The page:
If yes, I was wondering if you had some insight into how one can get started in the industry?
I'm finishing a masters degree in engineering really soon, but would rather get a job in a field I've become far more passionate for (aka, game design).
I've been developing mod content for over 8 years, including www.zhrpg.net. I've designed board games, written a full-length novel, created RPG's. I love to balance game content. I would gladly take any opportunity to prove myself in the industry, even if I have to start in Quality Assurance. That's me sacrificing my 80k+ starting salary as an engineer, I am That serious about this.
If you have suggestions, or better yet a chance for a job, please let me know :)
Meeting this people, either have luck and met them by chance ... or go to conferences (GDC ie.), or other conventions and talk to them ... they are just human too and as long as you don't bully them why should they refuse :o (other than they currently being interviewed or smth like that)
The best way to meet these people is to go to game conventions. Behind the stands, you can meet people who are here to interview people interested in their company. It's better to ask for an interview BEFORE actually going there though... and if you have a nice project you can show them, you should (be careful though, some companies -even large ones- steal people's work... make sure your project is registered somewhere to value your copyrights if needed). Being passionate and dedicated is not that rare, actually everyone in this industry is. You must show that you have more than just a "player-side" perspective of the gaming industry, you must know its rules and facts, how things work in general in such companies, and why.
Aim for a specific company, do NOT try to wander here and there and give your resume pointlessly. They'll notice and you won't get any chance, especially since they spend the whole days interviewing people who are probably more fitting to the job (because they have experience, while you don't). Go there with a real project in mind, and show them you did your master degree in that purpose. Do not hesitate to ask people for their business card, even if they are not related directly to a game company. The more people you will know, the easier it will be to get your project known, and you might even find people interested enough to contact you. So don't forget to have your own business cards ready.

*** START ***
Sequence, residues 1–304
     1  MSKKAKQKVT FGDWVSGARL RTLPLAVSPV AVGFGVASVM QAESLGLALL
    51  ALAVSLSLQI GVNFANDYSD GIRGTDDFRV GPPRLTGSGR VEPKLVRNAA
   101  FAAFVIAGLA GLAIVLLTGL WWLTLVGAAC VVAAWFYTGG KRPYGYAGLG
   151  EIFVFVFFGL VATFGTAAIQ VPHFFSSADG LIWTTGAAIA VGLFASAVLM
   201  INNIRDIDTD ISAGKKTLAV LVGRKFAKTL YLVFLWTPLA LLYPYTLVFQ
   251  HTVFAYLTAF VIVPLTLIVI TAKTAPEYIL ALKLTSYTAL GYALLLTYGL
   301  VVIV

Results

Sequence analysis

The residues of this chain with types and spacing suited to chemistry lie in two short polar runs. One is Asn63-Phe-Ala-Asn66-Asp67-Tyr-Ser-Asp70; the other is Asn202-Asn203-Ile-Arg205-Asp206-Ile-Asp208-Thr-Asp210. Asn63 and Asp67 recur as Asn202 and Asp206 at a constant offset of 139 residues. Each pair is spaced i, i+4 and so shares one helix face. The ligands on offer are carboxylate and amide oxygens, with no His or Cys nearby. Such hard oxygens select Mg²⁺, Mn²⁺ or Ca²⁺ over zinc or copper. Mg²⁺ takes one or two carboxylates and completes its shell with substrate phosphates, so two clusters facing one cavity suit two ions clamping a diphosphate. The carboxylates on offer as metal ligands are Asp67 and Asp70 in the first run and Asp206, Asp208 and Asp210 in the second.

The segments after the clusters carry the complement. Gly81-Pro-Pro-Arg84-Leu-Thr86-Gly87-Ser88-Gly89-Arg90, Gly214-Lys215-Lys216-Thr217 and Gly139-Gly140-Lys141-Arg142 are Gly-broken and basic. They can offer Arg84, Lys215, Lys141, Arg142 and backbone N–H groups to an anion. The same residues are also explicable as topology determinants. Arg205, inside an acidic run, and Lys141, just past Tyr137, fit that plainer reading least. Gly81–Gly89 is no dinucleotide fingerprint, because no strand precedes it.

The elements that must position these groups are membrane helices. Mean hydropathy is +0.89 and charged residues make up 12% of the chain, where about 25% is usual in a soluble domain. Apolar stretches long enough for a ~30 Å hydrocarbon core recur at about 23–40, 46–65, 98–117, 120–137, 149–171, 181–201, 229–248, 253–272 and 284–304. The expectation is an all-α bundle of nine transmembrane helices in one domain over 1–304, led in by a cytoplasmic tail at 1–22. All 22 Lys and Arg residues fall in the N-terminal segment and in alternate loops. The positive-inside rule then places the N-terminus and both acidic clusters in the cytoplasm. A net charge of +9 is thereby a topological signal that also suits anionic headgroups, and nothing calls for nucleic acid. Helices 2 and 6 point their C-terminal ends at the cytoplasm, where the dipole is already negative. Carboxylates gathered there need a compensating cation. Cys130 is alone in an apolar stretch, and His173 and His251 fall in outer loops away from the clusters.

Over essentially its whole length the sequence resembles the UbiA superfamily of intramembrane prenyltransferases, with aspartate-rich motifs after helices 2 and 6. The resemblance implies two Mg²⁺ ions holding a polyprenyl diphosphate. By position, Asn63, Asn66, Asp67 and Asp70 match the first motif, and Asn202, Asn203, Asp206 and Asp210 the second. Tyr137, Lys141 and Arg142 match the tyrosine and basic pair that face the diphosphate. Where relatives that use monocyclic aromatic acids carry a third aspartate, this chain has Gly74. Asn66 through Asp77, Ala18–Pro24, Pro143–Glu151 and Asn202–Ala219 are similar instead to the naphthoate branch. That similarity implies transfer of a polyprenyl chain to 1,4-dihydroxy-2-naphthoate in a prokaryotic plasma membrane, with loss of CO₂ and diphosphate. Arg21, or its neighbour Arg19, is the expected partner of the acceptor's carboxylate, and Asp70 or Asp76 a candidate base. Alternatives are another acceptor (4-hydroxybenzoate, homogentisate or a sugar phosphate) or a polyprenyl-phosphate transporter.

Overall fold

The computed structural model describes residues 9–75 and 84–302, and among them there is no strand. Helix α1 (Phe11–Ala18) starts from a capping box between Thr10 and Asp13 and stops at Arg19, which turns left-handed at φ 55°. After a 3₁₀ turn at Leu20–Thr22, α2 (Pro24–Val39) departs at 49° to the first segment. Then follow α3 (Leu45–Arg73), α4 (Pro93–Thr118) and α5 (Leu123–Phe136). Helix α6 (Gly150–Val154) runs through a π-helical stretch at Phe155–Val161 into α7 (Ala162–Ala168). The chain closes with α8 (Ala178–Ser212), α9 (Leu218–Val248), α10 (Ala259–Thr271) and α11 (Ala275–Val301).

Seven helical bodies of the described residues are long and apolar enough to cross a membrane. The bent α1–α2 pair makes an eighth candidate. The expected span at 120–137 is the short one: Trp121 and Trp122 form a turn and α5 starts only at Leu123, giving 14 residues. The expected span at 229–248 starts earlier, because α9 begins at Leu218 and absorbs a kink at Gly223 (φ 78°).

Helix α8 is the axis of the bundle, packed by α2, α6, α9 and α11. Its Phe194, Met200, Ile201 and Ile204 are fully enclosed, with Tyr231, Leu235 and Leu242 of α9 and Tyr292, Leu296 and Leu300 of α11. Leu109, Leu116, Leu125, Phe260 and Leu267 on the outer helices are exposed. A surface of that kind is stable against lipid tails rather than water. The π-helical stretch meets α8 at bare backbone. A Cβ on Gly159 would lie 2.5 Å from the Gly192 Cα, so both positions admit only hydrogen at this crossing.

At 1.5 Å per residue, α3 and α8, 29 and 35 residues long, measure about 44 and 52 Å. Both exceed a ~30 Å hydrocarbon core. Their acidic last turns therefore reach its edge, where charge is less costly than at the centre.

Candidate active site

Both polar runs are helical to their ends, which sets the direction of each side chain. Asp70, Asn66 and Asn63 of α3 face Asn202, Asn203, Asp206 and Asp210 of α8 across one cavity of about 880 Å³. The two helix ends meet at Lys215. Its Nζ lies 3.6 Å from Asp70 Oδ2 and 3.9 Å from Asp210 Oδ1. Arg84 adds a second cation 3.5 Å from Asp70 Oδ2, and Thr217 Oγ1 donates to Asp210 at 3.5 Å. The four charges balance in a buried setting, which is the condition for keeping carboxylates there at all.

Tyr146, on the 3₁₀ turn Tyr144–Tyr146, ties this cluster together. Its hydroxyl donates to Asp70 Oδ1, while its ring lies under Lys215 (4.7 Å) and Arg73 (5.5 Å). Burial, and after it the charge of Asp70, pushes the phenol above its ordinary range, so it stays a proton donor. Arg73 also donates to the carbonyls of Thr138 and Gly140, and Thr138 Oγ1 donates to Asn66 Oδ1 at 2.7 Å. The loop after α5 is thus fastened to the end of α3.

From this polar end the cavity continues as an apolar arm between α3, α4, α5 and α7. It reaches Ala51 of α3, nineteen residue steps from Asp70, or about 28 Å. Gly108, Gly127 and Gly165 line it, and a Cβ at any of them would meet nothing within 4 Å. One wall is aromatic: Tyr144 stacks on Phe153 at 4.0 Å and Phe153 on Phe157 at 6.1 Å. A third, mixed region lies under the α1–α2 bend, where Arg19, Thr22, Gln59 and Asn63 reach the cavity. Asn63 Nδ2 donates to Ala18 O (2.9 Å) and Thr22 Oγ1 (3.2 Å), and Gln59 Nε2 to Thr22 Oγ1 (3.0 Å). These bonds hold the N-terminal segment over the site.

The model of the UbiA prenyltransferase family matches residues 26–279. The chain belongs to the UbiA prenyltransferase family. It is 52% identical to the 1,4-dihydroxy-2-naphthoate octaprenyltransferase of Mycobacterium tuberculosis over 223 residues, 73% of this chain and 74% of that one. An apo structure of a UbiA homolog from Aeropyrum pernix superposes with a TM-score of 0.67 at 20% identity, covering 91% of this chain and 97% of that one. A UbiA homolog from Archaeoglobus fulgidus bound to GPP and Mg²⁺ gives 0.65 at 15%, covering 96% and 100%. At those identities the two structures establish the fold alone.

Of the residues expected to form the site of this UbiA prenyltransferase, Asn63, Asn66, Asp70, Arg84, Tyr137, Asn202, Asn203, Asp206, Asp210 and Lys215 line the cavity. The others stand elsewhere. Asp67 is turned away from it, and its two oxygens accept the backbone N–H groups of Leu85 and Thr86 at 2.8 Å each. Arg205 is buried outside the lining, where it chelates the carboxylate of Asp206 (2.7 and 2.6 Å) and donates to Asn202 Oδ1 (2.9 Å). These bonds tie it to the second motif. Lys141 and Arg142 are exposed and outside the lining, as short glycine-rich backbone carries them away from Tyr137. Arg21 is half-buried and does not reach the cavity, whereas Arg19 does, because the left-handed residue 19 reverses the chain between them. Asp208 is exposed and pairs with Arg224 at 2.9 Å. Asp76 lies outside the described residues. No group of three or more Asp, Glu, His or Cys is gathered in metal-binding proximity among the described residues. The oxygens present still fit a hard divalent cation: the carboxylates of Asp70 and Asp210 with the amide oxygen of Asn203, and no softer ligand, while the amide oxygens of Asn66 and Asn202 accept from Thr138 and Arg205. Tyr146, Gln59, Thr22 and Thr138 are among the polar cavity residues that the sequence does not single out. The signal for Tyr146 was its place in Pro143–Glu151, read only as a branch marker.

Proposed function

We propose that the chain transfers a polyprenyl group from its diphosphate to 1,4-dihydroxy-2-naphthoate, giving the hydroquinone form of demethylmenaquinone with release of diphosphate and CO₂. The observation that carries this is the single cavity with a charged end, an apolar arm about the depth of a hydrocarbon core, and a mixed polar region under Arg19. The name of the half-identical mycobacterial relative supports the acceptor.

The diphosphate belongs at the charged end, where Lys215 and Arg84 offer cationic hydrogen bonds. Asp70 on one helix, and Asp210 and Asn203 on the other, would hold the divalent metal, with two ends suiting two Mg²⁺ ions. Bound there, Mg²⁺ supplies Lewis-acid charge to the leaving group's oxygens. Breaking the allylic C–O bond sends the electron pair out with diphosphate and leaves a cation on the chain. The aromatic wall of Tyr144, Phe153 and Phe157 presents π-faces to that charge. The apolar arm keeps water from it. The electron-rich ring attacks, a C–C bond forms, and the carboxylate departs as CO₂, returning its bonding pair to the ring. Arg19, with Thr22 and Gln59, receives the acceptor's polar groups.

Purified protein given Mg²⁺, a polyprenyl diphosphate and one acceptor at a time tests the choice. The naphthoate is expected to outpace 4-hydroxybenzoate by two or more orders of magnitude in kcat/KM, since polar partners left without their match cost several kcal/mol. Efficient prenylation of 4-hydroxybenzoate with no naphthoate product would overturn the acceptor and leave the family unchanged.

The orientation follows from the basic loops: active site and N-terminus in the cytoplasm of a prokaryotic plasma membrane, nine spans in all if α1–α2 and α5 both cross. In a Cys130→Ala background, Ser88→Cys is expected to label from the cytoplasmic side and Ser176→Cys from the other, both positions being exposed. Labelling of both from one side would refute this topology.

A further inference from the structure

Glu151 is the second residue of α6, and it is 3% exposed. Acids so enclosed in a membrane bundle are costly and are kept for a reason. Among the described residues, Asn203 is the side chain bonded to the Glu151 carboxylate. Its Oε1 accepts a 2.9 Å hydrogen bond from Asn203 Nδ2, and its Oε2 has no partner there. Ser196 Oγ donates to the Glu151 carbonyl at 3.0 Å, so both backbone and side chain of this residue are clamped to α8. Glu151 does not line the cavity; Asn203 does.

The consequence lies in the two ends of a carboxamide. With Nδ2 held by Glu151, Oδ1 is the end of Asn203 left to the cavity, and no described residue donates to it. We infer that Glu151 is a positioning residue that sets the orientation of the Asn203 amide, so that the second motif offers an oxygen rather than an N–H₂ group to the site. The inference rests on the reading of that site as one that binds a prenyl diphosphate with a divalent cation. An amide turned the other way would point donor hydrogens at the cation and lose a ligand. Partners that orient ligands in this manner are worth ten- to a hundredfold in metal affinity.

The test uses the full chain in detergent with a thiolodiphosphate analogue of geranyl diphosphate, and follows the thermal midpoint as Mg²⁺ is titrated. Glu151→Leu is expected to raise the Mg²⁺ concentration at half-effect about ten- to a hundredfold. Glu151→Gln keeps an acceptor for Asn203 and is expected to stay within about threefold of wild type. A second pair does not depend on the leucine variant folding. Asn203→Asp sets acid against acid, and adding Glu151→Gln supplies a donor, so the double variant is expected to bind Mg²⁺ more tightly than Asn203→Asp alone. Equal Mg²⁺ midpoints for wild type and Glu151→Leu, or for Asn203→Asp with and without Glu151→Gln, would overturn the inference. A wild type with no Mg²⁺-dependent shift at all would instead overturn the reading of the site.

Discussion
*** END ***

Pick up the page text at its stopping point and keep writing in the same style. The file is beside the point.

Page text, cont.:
Actually, the ultimate way to have a network in the video game industry is to work with these guys. When I was a student in Game Design, our teachers were real professionals (seniors, lead, and such), which helped a lot to create a network and be known. Since you can't do it that way, I'd really suggest to go for game conventions and get yourself known there. It's gutsy, but it's probably the best way for you to get known. Don't go there empty handed, you MUST know where you are going prior to meeting them.
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Make a meaningful portfolio (online portfolios are popular these days)
Apply for a specific position, not "I would be open to any position blabla"
Make sure you meet their requirements and at least a couple of extras they mention in their job ad. Don't apply for a job you don't meet the requirements for
(e.g. lead level designer requiring 5+ years industry experience & several shipped AAA titles as (lead) designer).
If you don't hear from them after 4-5 weeks reapply for a different position. Get on their nerves, but don't get on their nerves ;)
I would suggest applying for an internship that lasts around 6-12 months (shorter and you will not get enough experience; longer and you might be in danger of being taken advantage of), but preferrably as a designer, not a tester (although starting with a full-time tester job isn't that bad). An internship of this length is worth more than any game university degree there is.